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Erik Visits an American Grave, Part 78


This is the grave of Nathaniel Hawthorne.

2016-09-18 15.09.23

Born in 1804 in Salem, Massachusetts, Hawthorne graduated from Bowdoin in 1825. He slowly made his name as a writer, although made very little money, publishing his first story collection in 1837. He finally received a real salary in 1839 when he was named to a patronage position at the Boston Custom House. In 1846, he went to work at the port of Salem. He only lasted until 1848, for Hawthorne was a Democrat and thus when Zachary Taylor was elected president, he lost his job. But he did begin having more success as a writer, most notably when The Scarlet Letter was published in 1850 and in which he excoriated various people in Salem who he hated. The book sold well and brought Hawthorne a reasonable income at a time when the book market in Europe and the U.S. was not unlike the DVD market in China today: i.e., everything was pirated. The House of the Seven Gables followed in 1851 and The Blithedale Romance in 1852. All of this made Hawthorne a leader in the nation’s first major literary movement.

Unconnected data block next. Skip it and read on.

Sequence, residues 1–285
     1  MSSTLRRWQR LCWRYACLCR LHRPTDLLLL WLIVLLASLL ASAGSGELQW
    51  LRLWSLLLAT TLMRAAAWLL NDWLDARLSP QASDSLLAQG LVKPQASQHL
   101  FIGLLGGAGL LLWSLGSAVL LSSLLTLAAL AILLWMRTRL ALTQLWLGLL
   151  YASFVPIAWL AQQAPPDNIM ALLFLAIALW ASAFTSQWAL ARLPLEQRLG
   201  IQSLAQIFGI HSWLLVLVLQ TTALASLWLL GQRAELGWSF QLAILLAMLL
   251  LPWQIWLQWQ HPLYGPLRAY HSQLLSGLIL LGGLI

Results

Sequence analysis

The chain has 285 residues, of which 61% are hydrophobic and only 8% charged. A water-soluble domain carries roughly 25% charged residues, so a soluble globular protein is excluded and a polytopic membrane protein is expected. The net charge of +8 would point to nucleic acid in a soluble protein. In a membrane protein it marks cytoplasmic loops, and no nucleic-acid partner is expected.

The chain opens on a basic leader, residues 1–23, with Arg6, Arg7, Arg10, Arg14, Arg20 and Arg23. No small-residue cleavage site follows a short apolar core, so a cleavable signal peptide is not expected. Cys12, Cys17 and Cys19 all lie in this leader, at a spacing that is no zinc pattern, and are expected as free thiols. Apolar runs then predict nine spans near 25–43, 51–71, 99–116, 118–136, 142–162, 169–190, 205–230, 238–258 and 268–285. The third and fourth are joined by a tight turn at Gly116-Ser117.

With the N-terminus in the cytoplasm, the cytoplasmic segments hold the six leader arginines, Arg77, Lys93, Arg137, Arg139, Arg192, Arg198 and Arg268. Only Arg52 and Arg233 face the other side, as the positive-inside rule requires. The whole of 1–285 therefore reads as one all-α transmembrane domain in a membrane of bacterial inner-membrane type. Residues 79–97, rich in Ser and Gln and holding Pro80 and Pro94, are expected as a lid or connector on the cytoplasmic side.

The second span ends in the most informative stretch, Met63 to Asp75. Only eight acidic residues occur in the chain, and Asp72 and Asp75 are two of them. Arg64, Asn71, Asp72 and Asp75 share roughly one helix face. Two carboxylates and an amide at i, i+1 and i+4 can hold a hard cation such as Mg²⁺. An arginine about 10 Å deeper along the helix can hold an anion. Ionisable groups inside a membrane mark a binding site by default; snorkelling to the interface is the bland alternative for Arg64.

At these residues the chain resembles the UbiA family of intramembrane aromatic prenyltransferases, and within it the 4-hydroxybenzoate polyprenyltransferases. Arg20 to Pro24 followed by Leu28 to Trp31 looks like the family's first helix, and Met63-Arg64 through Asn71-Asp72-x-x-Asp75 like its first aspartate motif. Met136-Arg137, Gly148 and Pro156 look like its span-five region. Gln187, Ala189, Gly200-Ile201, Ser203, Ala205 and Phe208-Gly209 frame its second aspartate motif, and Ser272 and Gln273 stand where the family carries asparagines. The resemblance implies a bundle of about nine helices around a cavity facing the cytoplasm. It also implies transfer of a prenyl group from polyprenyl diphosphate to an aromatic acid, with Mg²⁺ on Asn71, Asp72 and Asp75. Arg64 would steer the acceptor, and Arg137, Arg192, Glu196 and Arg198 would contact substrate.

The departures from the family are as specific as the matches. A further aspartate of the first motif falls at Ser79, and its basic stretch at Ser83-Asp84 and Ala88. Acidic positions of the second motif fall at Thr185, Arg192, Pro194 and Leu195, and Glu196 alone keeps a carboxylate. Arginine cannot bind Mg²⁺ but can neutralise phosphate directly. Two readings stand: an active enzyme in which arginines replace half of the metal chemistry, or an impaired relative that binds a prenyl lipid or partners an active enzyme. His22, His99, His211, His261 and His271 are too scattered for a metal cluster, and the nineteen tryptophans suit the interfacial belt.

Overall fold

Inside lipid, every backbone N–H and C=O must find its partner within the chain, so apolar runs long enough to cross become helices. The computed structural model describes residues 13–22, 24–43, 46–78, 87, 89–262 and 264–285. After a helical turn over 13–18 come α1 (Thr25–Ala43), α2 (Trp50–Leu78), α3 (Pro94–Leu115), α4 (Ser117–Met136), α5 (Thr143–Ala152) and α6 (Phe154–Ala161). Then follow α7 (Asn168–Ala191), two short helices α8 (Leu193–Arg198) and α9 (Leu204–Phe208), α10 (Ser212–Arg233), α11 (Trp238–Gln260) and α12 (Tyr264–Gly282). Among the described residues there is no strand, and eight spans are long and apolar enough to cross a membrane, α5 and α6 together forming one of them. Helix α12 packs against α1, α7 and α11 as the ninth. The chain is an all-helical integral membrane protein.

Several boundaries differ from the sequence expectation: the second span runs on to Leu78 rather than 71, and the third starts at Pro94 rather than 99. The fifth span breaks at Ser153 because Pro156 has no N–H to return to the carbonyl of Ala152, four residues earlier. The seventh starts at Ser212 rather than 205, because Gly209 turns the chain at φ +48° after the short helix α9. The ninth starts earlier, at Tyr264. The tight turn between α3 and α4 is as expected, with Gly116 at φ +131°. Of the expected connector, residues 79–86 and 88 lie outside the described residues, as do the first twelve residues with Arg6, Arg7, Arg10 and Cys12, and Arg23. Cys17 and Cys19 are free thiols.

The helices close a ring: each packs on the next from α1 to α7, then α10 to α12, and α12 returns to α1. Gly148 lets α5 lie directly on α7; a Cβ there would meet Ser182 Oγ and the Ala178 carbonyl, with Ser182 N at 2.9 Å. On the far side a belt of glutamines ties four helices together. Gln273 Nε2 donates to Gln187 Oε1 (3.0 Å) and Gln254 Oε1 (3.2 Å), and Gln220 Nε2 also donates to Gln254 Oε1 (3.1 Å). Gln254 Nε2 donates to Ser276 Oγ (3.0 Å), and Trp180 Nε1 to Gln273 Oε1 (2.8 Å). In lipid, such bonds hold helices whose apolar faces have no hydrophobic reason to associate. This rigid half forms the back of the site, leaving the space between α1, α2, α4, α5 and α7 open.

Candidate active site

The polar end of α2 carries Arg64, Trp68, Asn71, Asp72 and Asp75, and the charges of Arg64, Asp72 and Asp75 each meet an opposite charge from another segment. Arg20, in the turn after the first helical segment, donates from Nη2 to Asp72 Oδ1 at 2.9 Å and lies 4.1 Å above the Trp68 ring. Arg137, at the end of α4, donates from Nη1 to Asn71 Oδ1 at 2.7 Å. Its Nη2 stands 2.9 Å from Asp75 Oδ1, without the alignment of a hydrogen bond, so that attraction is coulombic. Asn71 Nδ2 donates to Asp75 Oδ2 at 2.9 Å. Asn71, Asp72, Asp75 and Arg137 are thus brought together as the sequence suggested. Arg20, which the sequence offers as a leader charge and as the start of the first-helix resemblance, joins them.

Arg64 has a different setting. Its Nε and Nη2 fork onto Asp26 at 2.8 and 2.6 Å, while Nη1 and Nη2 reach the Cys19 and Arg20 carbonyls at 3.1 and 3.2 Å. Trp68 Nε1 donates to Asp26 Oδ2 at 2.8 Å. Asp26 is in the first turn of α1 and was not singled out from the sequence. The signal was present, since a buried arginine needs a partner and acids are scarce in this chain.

He then took his talents to a much lower place as he wrote the campaign biography of Franklin Pierce. Always a local Democrat, Hawthorne was politically a complete hack, who wrote a completely ridiculous book that claimed slavery would eventually disappear, left out Pierce’s rampant alcoholism, and claimed that the reason Pierce hadn’t done anything great was that he preferred to stay in the background and didn’t need to anyway. Said Horace Mann, “If he makes out Pierce to be a great man or a brave man, it will be the greatest work of fiction he ever wrote.” Thanks to his hackwork, Pierce named Hawthorne as the American consul in Liverpool. He didn’t write much at this point, eventually coming out The Marble Faun in 1860, which I think only Hawthorne scholars actually read. He was sick and decided to go on a tour of New England with Pierce. Christ only knows how much alcohol was consumed on this trip. Anyway, on it, Hawthorne got sick and died on May 19, 1864.

Nathaniel Hawthorne is buried in Sleepy Hollow Cemetery, Concord, Massachusetts.

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